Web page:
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Commodity investment funds have drawn a net inflow of $28.7 billion in new cash this year through 10 May, the Financial Times reported.
The Standard & Poor’s GSCI commodity index was up 37 percent this year as of 25 May, even after receding from higher marks in March.
In contrast, MSCI’s global equities index has given up 16 percent as of that date this year. ICE Data Services’ world high-grade bond gauge is off 8 percent.
More than 95 percent of new cash coming into commodities funds has gone to index funds rather than item-specific funds that track only wheat or lithium, for example, according to Morningstar data.
The SPDR Gold Shares exchange-traded fund was the most attractive, clearing a net $7.2 billion.
“We have a pretty diversified portfolio at all times but we’re leaning more into natural resources and commodities, which is counter to what we’ve done historically if we see this kind of global growth slowdown,” Even Rudy, real assets fund manager at DWS told the FT.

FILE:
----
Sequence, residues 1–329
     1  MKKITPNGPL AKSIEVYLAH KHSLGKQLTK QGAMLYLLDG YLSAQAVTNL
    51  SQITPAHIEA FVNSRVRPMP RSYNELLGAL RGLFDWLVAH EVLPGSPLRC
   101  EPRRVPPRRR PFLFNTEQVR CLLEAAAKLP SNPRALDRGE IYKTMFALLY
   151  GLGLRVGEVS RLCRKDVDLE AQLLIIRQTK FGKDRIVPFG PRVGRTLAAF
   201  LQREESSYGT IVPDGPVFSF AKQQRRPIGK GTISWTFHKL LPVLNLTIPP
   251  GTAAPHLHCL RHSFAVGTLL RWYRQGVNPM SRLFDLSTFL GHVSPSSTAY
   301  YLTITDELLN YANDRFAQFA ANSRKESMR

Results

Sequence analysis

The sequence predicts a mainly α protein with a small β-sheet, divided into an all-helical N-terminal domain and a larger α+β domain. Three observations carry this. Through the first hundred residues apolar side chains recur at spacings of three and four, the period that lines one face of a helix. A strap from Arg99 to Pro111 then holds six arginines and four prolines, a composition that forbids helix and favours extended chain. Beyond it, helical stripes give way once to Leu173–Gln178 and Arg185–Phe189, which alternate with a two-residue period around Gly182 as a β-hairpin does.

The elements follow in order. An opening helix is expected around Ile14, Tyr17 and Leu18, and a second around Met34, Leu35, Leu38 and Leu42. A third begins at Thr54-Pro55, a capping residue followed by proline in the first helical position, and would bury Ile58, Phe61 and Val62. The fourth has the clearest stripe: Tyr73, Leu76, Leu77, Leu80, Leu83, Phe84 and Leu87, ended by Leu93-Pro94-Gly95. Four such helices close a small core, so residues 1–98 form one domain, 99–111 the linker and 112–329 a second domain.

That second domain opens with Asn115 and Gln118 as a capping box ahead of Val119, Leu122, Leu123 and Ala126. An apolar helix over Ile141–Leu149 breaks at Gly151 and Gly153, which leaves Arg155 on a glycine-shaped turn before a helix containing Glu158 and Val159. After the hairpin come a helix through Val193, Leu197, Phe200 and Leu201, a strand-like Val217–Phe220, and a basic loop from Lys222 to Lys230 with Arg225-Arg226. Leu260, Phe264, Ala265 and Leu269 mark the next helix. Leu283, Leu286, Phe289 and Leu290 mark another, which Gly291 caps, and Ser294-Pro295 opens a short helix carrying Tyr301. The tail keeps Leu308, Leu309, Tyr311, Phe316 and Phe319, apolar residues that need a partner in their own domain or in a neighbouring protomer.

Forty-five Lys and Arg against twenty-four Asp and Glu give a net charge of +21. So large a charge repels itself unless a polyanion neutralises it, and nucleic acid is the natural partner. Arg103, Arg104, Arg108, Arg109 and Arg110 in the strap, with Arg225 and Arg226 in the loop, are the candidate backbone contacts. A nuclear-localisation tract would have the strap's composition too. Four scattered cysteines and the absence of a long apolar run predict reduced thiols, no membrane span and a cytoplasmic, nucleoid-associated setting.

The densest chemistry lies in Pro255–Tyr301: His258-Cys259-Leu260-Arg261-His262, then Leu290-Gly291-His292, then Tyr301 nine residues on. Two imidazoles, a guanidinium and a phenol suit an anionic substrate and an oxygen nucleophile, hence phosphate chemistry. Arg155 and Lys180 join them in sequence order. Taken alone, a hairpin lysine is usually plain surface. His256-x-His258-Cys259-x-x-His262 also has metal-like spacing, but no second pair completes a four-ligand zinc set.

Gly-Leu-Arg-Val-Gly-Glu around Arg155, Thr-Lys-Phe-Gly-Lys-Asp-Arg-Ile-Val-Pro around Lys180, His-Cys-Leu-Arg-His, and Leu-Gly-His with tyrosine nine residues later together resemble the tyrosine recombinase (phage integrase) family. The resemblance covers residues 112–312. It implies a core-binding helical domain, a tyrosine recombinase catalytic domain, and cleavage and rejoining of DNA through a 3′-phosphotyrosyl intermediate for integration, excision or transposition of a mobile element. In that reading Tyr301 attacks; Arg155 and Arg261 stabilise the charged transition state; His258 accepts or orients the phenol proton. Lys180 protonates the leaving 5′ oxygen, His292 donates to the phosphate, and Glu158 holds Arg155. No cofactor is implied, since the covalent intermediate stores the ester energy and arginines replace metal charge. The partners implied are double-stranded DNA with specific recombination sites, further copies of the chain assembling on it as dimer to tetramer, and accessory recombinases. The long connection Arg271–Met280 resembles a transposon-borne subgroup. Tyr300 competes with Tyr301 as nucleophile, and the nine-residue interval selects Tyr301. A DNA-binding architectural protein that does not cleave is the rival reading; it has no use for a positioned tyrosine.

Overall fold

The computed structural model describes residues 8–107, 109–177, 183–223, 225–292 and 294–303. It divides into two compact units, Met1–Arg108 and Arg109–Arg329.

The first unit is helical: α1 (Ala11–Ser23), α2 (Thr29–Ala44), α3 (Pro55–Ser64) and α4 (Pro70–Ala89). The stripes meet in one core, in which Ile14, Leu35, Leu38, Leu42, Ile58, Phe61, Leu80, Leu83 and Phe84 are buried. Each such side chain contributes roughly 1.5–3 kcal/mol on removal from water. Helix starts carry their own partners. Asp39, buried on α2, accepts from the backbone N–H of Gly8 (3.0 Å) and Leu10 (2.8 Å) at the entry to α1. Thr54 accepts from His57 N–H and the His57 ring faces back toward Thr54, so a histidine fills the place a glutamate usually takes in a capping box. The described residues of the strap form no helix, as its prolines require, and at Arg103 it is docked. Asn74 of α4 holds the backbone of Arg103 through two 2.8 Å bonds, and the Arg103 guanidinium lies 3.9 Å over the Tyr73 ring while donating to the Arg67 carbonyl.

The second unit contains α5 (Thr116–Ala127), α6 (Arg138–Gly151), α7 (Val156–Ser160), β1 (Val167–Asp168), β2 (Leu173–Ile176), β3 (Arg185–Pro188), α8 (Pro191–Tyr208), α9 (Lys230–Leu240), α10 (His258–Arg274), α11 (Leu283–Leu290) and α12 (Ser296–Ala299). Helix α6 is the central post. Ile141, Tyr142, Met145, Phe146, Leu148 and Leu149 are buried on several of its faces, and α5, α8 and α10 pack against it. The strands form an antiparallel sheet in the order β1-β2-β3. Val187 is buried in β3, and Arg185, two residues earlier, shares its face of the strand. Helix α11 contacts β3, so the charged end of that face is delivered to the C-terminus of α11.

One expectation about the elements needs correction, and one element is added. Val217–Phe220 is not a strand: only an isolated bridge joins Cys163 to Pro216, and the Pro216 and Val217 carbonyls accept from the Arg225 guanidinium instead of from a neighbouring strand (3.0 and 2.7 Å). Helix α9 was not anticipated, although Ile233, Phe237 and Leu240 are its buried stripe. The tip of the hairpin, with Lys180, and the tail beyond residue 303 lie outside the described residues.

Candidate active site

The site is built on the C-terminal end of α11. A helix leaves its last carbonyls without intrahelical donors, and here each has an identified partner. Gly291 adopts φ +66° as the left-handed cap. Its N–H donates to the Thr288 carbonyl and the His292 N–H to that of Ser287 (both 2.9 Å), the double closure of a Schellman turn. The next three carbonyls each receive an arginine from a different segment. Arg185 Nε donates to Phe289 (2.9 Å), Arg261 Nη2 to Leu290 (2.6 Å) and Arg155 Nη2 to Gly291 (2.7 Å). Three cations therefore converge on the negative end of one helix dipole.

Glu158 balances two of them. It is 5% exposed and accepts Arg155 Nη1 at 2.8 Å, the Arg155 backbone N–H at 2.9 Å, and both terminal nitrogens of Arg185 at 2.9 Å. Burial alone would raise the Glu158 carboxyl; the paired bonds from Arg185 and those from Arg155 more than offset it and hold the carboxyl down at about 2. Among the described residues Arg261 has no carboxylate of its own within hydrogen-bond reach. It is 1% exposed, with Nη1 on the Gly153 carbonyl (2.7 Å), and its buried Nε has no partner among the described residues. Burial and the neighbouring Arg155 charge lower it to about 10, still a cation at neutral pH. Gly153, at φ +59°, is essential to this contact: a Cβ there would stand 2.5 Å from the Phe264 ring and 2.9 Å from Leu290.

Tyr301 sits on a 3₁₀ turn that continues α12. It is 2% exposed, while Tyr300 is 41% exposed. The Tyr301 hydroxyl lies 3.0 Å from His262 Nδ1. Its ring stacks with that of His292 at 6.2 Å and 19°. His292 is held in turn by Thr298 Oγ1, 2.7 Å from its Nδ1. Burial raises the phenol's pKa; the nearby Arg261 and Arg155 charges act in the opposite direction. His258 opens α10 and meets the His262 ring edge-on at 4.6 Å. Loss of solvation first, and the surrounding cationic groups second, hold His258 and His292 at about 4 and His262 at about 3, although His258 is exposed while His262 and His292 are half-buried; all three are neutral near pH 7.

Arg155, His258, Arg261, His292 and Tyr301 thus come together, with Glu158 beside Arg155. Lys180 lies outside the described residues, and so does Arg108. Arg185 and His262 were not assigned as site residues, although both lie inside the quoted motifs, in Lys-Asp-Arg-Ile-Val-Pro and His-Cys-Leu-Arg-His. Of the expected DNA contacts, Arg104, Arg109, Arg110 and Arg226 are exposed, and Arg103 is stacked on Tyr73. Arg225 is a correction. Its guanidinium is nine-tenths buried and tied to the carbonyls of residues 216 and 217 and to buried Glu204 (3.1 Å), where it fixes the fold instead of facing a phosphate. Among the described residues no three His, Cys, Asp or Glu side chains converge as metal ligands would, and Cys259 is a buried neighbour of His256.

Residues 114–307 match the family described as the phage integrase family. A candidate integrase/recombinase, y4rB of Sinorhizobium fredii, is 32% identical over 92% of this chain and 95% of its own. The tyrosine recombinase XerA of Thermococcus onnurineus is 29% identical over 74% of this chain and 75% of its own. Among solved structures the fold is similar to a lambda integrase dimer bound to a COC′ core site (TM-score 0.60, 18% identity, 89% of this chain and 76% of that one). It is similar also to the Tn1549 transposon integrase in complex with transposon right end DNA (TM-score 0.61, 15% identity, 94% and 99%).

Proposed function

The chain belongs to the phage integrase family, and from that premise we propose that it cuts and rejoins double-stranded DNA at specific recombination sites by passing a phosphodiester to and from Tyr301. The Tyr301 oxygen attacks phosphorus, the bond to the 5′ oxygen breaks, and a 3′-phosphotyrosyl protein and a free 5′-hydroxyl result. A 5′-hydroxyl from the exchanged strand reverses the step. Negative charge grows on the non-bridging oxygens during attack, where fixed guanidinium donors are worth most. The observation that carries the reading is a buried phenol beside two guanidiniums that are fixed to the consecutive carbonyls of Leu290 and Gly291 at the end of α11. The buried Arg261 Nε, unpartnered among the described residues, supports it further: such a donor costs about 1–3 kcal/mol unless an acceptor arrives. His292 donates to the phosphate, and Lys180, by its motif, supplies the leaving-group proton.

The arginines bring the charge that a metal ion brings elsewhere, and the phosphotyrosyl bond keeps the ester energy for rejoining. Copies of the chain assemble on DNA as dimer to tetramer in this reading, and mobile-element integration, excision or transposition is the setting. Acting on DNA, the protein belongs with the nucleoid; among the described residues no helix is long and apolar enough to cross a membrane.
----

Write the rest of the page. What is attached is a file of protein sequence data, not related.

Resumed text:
The world’s commodity prices rose as China matured as an industrial power during the first decade of this century.
Commodities then lost favor amid volatile prices and concerns about sustainable sourcing.
TREND FORECAST: Even as the world’s economy slows, demand for many key commodities—especially food and metals—will continue to outstrip supplies.
As a result, commodity prices in several categories will remain elevated for the foreseeable future.